A multibillion-dollar gas development in Mozambique, the single biggest investment in Africa, faces renewed threat after an Islamist insurgent assault forced Total to suspend work for a second time this year.
Insurgents attacked Palma, a town 10km from the $20bn project in the northern Cabo Delgado region, on Wednesday, killing several foreign workers in a battle that was still raging on Sunday, according to local media.
Total said on Saturday that its workers were not among the victims but that its “absolute priority was to ensure the safety and security of the people who work on the project”. The French energy major said it would reduce its workforce on the liquefied natural gas project “to a strict minimum”.
Total had only just announced it was restarting the project following an earlier insurgent threat, when the attack on Palma began last week. Precise casualties are not yet known because of poor communications with the area, which is roughly 2,700km north of the capital, Maputo, by road.
“The remobilisation of the project that was envisaged . . . is of course now suspended,” Total said. It declined to give details of how many staff were being withdrawn.
President Filipe Nyusi’s government said last week that it had begun an offensive to retake Palma but it has not provided any information since. A defence spokesperson did not respond to a request for comment.
The insurgency in Cabo Delgado has killed thousands of people since it began in 2017 and forced almost 700,000 in the province to leave their homes. Badly equipped and trained government forces have struggled to regain the initiative in the conflict.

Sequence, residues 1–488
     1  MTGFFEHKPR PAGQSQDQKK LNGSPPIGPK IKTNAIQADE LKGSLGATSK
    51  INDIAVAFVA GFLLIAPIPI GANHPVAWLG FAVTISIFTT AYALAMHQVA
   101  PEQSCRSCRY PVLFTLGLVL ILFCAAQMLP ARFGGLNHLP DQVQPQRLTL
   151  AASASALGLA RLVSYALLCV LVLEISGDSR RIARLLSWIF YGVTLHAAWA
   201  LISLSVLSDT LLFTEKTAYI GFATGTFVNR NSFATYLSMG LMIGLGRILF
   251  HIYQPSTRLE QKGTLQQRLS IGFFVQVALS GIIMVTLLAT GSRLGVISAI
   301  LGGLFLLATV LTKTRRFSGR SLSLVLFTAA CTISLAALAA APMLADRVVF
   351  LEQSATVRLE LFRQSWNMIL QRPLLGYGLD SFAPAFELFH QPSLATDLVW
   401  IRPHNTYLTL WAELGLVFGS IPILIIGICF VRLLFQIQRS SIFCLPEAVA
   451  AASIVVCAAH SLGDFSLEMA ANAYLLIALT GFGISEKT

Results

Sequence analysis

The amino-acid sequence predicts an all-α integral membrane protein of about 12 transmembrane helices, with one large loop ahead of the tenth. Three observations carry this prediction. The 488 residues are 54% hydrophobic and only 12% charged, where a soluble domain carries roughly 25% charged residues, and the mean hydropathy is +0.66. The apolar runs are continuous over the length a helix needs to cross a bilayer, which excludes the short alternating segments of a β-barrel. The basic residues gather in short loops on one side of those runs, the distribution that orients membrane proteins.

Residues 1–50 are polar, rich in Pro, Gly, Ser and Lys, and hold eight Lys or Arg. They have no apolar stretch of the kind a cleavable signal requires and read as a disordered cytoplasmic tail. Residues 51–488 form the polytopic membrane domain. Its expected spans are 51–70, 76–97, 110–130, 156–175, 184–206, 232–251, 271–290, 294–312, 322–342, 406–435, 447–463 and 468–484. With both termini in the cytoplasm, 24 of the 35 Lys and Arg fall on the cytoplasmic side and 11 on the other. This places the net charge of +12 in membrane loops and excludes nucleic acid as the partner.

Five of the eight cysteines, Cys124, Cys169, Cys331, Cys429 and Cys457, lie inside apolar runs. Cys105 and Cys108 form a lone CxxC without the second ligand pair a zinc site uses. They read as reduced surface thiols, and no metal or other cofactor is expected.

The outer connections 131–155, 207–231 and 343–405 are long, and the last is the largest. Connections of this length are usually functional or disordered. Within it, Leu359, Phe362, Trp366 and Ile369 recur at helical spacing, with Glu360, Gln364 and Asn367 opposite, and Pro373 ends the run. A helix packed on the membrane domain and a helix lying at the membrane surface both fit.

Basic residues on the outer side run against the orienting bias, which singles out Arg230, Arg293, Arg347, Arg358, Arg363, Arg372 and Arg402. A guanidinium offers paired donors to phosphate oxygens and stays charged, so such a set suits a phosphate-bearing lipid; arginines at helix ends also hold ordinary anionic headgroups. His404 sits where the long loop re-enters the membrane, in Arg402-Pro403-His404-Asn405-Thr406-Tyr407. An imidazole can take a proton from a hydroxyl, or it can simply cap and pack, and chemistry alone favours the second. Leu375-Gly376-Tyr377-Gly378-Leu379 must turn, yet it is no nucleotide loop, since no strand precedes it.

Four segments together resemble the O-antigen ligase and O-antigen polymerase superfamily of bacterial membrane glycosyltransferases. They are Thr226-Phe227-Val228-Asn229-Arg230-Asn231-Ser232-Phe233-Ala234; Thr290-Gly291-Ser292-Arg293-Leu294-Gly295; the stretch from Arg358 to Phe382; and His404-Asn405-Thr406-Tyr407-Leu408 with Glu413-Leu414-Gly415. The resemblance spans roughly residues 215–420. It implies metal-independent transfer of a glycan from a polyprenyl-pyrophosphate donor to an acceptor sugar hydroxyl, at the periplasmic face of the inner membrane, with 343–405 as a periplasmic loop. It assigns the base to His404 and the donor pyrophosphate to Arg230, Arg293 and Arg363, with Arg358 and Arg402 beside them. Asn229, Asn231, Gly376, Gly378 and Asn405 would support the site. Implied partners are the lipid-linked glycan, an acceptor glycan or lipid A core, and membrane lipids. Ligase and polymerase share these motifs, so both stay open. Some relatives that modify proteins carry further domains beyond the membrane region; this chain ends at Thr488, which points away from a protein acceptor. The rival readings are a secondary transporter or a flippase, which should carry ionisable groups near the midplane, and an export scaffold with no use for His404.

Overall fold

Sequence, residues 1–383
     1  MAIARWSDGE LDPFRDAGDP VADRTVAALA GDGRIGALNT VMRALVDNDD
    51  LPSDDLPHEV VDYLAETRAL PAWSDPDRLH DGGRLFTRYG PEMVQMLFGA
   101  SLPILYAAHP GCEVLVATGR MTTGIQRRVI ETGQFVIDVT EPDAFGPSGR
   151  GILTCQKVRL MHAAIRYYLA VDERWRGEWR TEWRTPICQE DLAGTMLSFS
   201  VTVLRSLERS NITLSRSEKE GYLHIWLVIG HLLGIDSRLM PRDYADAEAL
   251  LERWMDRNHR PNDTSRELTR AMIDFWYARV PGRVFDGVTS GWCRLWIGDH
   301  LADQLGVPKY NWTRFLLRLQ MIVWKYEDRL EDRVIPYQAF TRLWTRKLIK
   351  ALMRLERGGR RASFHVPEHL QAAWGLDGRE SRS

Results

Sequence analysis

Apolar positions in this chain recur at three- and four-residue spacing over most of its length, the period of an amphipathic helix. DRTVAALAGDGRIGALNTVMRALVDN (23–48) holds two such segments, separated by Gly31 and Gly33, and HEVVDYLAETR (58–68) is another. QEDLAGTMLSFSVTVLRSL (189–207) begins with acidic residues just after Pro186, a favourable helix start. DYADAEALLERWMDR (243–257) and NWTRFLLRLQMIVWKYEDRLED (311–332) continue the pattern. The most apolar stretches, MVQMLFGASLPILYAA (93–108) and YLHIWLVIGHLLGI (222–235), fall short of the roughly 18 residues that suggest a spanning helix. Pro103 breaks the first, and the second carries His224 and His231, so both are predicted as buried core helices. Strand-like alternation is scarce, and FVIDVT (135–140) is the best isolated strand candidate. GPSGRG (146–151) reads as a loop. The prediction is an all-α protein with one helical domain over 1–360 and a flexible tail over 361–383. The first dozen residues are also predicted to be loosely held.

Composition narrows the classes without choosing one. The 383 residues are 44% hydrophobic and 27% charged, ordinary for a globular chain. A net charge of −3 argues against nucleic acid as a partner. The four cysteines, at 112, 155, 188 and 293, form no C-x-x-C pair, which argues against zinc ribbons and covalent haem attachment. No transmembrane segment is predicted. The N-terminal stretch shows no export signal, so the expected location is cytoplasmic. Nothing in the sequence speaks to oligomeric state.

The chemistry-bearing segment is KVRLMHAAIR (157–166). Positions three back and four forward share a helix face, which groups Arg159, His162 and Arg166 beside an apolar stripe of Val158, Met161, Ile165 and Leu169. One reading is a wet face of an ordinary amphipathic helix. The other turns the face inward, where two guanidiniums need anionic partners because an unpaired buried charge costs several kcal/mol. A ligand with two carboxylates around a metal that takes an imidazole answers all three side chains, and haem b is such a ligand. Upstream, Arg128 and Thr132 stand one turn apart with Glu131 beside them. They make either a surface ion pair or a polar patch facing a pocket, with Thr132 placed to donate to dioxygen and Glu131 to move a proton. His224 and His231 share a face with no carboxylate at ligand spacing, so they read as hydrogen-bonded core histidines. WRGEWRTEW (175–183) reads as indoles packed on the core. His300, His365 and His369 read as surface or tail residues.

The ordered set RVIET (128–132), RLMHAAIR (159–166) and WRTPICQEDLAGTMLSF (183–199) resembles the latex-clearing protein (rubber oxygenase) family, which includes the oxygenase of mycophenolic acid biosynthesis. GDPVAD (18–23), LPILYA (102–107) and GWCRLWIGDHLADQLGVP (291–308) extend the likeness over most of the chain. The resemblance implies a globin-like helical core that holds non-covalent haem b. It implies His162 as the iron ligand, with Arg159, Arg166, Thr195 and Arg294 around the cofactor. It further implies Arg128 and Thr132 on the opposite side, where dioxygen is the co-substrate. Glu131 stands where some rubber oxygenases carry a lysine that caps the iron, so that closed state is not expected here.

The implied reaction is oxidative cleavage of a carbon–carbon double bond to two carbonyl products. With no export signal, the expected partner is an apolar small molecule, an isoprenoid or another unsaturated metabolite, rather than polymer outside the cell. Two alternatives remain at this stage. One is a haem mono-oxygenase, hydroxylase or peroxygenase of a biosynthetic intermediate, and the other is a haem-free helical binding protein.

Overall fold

The insurgency has gradually gained momentum and recently became a direct threat to the exploitation of huge offshore gas discoveries that have the potential to transform one of the world’s poorest nations if production can begin.
ExxonMobil, the US energy group, is leading another $30bn LNG project in Cabo Delgado but is yet to make a final decision on whether to go ahead with investment.
“For the first time, insurgents are specifically attacking foreigners in the ongoing fighting in Palma,” Joseph Hanlon, a Mozambique expert at the UK’s Open University, said. “The attacks will raise serious questions about the expected development of the multibillion-dollar gas liquefaction plants”, which are based on the nearby Afungi peninsula, Hanlon said.
Insurgents staged an earlier attack near Afungi this year. Total made resumption of LNG development conditional on security forces being able to enforce a cordon at least 25km around the LNG project. Palma is well within that zone.
Analysts said the attack on Palma was unlikely to be linked to Total’s plans to restart the LNG project and that insurgents appeared to have mounted a meticulously planned assault to gather supplies and humiliate security forces.
Palma had been in a virtual state of siege in recent weeks and had filled with refugees fleeing abductions and beheadings. Food aid had recently arrived and could have been an objective of the insurgents, analysts said.
Human Rights Watch said local residents had reported bodies lying in the streets and intense fighting as the attack began on Wednesday, before phone lines were severed.
Over the weekend, insurgents reportedly attacked a convoy coming to rescue almost 200 Mozambican and foreign workers and officials who had taken refuge in a hotel. Rescue efforts by sea were under way on Sunday. Data from MarineTraffic, the ship-tracking website, indicated that several international vessels had diverted towards Palma.
South Africa’s government said on Saturday that its citizens had been affected by the attacks and it was sending more staff to its embassy in Mozambique to deal with the aftermath.
Researchers say the insurgency is rooted in local grievances about corruption and anger at being left out of development in what is Mozambique’s poorest province.
Isis has claimed credit for some past attacks and this month the US government said it viewed the Cabo Delgado insurgents as being linked to the global terrorist group.
The Nyusi government has turned to private security contractors to supply and toughen up its forces and has also been forging security ties with the US in particular. US Green Berets have been training Mozambican soldiers.